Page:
I know... wordy for a first post.  But I love reading the posts here that have a little background rather than just firing off questions, so I felt I should reciprocate. 

Happy baking!

DavidEF's picture
DavidEF

MonkeyDaddy,

Hello, and welcome! First, I tend to agree with you about background info in the post. One long post is better than having someone add info one little piece at a time. You've done well, as far as I'm concerned.

About the stone: If you've been here a while, surely you've read some posts about using fire brick? It seems to work well for a lot of people. I still use my cheap little thin pizza stone from Lowe's, but I'm hoping to graduate to something more substantial as soon as I have some loose change I can spend. The other option someone pointed out here before is to use a thick plate of metal, like 1/4" - 1/2" thick, instead of stone. It supposedly transfers the heat to your bread even better, and should be very durable against cold things being set on it. If you have a place around you that can cut you a piece of metal to fit inside your oven, you may want to give them a call. The thicker the better, but 1/4" steel will already be better than even 1" stone, I think.

About the steam: I've also used a cast iron skillet, like you, but I stopped short of rusting it out, because I like to also use mine for cooking on the stovetop. Once, when I dumped the water into the skillet, I must have thrown it in too fast, and about half of it splashed out and spilled into the bottom of my oven. That is when I noticed that my oven has about a 1/2" depression in the bottom (probably for catching spills) and I decided to take advantage of this feature for steaming. Now, I just throw the water directly into the bottom of my oven, and the billows of steam fill the cavity, surrounding the bread in a thick cloud. Poetic enough? Okay, so check to see if your oven is designed with a depression in the bottom. That may be all you need. I don't know if it's damaging to the oven or not. I haven't seen or heard anything bad happening in mine yet, but really, why would they design an oven that will break when something spills in it, right? Mine is also a self-cleaning oven, so I'm sure it's made especially tough, or at least I'm counting on it to be.

If you can't find any other suitable solutions, and you don't want to throw water directly into the bottom of your oven, you can still use your skillet. For one thing, the rust can be cleaned out, and the skillet can be re-seasoned. But, really, it's not likely affecting your bread, because you have the cookie sheet there. And even if some of it is getting on your bread, it shouldn't hurt you. Just consider it getting more iron in your diet. In fact, even in a well-seasoned skillet, some of the iron always leaches into your food while cooking, and some people use cast iron just for that reason.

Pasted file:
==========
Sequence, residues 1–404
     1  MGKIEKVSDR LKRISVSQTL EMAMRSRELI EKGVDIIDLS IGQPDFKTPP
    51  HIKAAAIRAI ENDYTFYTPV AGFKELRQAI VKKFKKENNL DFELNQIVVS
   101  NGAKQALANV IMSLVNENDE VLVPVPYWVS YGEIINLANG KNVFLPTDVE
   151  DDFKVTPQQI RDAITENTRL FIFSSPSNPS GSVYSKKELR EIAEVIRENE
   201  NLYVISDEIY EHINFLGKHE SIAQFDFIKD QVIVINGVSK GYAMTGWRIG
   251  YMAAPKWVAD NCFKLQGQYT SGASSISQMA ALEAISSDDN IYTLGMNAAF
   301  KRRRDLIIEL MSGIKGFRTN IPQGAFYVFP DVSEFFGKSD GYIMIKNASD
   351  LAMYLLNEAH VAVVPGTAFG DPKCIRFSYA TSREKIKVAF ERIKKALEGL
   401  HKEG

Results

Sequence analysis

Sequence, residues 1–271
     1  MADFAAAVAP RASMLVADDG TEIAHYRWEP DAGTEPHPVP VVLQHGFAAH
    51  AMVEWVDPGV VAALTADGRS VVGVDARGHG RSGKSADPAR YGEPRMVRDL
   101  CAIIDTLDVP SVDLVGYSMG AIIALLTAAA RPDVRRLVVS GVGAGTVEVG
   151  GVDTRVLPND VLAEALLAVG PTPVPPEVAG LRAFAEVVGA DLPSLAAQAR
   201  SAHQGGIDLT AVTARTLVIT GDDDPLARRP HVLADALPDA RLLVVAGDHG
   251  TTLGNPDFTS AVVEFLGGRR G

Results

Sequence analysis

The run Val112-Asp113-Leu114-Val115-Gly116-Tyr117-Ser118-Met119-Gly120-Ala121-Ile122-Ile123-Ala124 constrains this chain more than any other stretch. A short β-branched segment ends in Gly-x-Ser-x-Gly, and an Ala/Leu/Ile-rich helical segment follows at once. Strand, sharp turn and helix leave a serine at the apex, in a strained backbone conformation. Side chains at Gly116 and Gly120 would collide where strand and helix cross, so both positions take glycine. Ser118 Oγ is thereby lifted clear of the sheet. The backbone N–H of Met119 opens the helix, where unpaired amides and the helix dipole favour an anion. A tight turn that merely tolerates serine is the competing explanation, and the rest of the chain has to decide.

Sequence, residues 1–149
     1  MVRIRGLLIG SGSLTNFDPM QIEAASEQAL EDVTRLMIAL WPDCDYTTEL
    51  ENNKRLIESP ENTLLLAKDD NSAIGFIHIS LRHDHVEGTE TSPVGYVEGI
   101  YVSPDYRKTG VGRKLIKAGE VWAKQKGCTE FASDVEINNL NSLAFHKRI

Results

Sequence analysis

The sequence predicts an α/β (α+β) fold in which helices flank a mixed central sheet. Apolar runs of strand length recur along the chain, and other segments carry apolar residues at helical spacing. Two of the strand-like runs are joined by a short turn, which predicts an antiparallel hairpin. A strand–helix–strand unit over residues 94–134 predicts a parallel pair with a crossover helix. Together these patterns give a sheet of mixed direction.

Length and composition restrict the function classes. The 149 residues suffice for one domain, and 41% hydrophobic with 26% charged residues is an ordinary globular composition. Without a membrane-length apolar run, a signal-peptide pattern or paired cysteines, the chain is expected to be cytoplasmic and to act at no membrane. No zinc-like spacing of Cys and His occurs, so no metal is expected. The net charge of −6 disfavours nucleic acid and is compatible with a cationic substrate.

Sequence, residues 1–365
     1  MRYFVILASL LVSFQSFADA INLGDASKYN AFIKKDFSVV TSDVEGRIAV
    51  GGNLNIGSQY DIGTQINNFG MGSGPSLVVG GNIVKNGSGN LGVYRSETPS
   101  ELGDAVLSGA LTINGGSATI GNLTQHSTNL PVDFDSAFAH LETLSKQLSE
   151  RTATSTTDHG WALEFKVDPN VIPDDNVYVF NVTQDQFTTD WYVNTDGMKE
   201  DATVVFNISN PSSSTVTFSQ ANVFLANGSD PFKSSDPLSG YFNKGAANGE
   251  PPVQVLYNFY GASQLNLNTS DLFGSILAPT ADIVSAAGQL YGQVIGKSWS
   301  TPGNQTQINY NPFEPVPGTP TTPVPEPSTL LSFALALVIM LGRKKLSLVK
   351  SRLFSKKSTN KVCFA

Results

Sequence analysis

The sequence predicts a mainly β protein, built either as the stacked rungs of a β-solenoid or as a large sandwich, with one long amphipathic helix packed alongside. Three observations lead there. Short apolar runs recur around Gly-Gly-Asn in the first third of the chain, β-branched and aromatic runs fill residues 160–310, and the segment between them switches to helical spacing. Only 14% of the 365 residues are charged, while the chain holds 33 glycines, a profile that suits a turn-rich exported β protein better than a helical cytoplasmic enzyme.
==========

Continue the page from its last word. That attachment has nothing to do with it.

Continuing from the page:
Mini Oven's picture
Mini Oven

What a rusty pan means in the oven is more iron in your bread, I would much rather eat my iron that way than pop iron pills.  About the rusty cookie sheet, if it had a lip, it would have been on the bottom for steam and the SS pan would have made a better baking surface.  

You can always go to a thrift store and pick up a rusty steel pan (old bread pan?) for your oven and resurface the fry pan.  I would not throw water into the bottom of a hot oven, I chipped and cracked the enamel that way.  Lots of sharp shards to deal with for years.  Another thing altogether if your oven is already in bad shape.

Covering the loaf, trapping in steam (mist the lid or foil cover) seems to work best for average home ovens not built to take enormous amounts of steam.  I use this method most often as it is kinder to the oven.  

If you still have the cracked stone around, Mike, and it is only two or three pieces, try putting it back into the oven and use it broken.  You aren't wasting anything and may get more use out of it now that it's "broken in." Use some baking parchment under your loaf if you're worried about chips or sticking to cracks.  

(I also turn baking sheets upside down and don't use a stone.)